For Indian journalist Sonali Kudva, academics and journalism go hand in hand.
Currently a Ph.D. student in mass communications at Kent State University in Ohio, Kudva is researching the connections between Bollywood cinema, Indian culture and the Indian diaspora around the globe.
“I don't consider myself a true academic, but then most journalists in academia are not,” she said. “I find my work and training as a journalist definitely helps me in writing concisely and clearly.”
As a journalist, her work often highlights the struggles of Indians living abroad, particularly in the U.S. When she’s not studying, she works as an assistant editor of Brown Girl Magazine, an online publication produced by and for South Asian women.
“One of the biggest challenges I have found as a journalism professional is the inherent bias against journalists of color in the U.S.,” she said. “I hope to do my best to raise awareness of this issue.”
Kudva spoke with IJNet by email about her experiences reporting in India and working as an academic and a journalist in the U.S.:
IJNet: How do you use IJNet?
Kudva: I keep track of the many opportunities and fellowships available on IJNet on a regular basis. I also use IJNet for information on opportunities to send to my students. I'm encouraged by how many there are, especially for women. But I've come to realize there aren't that many from Asia. This makes me wonder about the grassroots-level reportage from these countries. Does it exist? How can people from these countries get access to funding they need?
Tell us about the most challenging story you've done so far. What steps did you take to make it a success?
I'd say the most challenging assignment I ever did was for the Pulitzer Center for Crisis Reporting in 2009. I look back on my work and wish I could revise it. I was one of the program’s first student fellows [and] had to work under some non-optimal conditions. There were some language issues. Social media reporting was a problem as well, since India didn't have any sort of 3G coverage at the time. Still, I consider the assignment a success. I hope to get the opportunity and the time to do something like that again.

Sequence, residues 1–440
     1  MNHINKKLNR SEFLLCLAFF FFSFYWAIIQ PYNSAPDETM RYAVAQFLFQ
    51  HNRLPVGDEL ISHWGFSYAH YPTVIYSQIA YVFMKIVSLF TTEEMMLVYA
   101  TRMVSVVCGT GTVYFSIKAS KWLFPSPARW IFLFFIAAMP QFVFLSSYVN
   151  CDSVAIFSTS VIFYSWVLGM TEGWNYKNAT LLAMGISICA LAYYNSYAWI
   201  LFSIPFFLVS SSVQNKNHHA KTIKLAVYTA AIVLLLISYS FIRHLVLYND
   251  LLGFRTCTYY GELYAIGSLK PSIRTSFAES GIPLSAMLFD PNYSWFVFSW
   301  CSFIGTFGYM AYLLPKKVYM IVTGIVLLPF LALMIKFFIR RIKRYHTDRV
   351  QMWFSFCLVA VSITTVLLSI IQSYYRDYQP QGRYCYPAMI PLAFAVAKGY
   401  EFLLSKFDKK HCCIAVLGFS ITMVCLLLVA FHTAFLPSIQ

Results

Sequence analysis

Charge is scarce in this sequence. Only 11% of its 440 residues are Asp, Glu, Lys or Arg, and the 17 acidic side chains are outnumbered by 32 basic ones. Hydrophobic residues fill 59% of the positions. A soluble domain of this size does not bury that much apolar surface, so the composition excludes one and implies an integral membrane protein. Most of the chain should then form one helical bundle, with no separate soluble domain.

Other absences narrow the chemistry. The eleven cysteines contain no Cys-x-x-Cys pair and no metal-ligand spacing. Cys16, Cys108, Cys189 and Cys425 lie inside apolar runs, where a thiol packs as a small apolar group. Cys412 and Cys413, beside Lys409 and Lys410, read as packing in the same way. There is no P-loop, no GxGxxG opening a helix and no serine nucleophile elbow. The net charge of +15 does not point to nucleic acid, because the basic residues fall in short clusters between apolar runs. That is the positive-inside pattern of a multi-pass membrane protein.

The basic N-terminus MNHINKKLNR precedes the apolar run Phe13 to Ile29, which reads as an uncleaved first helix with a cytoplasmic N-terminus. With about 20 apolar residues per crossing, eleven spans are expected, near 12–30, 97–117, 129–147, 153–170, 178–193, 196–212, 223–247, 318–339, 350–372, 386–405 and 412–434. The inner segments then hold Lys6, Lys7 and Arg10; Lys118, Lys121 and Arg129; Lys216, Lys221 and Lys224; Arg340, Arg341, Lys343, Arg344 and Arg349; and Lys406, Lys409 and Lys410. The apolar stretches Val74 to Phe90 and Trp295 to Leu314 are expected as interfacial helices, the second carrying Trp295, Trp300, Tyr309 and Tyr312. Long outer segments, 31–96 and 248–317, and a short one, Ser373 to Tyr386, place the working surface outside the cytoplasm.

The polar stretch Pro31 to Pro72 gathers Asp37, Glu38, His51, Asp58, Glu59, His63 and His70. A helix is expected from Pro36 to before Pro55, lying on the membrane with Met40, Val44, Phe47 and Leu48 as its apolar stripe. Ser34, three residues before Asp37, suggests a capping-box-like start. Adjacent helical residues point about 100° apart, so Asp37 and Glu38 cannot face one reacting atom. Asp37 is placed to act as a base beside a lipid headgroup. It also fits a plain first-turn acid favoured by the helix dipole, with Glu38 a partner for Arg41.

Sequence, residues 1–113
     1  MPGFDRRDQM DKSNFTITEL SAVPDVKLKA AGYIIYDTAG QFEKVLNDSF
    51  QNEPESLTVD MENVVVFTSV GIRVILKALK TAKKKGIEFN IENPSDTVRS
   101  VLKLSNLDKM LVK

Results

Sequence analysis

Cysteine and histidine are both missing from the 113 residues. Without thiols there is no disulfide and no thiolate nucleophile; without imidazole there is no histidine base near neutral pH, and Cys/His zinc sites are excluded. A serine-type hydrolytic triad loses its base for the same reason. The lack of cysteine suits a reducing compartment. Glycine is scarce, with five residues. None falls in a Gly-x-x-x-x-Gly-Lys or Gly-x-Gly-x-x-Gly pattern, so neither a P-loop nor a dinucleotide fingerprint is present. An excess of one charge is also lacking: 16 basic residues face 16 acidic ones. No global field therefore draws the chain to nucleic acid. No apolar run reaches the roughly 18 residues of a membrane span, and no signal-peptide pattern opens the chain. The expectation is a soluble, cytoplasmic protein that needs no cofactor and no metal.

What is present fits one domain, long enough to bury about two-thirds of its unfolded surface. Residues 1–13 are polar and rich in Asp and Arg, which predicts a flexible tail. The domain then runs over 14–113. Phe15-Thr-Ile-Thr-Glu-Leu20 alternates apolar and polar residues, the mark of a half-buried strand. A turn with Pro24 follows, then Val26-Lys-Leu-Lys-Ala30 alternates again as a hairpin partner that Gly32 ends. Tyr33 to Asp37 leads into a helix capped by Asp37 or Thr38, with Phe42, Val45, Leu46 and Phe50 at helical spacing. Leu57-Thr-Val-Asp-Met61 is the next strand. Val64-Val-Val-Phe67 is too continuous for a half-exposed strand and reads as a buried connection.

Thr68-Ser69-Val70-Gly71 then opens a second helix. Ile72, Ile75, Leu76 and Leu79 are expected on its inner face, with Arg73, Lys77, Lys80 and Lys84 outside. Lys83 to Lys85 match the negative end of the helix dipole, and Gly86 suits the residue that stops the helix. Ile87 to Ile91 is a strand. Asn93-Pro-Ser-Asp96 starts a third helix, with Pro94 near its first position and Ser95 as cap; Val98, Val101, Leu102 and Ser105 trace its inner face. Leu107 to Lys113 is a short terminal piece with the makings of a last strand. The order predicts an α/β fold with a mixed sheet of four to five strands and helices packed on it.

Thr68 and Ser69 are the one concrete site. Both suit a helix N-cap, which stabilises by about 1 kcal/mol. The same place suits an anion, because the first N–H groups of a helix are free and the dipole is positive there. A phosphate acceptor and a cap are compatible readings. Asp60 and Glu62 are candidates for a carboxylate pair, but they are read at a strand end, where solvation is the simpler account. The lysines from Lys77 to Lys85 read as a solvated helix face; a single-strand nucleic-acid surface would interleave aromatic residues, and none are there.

The thing with projects like these is that they often get lost in mass media coverage, but they shouldn't. Stories affecting communities and individuals are important to ensure diversity.
How does the U.S. journalism industry compare to that of India?
Journalists wield a great deal of power in India. There isn't a lot of money (or wasn't) in journalism, but journalists are perceived with more respect than in the U.S. And while it's been a few years since I worked in an Indian media house, my perception remains that the mass media and journalists (at least most of them) consider journalism to be a form of social service. There is an element of social activism in a lot of it.
Another thing I notice is how little interest there is in global coverage in the U.S. There is a lot of focus on local news, but very little on events and analysis of international affairs. This is a pity, in my opinion, because in these globalized times, it is imperative to have this understanding and awareness.
You've written personal essays on the challenges you've faced as an Indian living in the U.S. How does your work with Brown Girl Magazine confront these challenges?
My volunteer work and experience with Brown Girl Magazine is something I greatly cherish. South Asians are underrepresented in the American media and in other public spheres. [South Asians] can also sometimes be greatly divided as a community. Brown Girl Magazine provides South Asian women a safe space in which to discuss relevant issues and express themselves.
Much of my work is behind the scenes, as I serve as assistant editor. However, I'm occasionally inspired enough to write opinion pieces on issues that I feel strongly about. My first piece came in the wake of the release of "India's Daughter," a documentary about a heinous rape case in India.
Finally, my belief is that organizations like Brown Girl Magazine, and others similar to it, are important in shaping public perception and media coverage. Minorities and traditionally underrepresented communities need spaces for expression and in a digital world, they can find these spaces. It's empowering as well.
Main image courtesy of Sonali Kudva.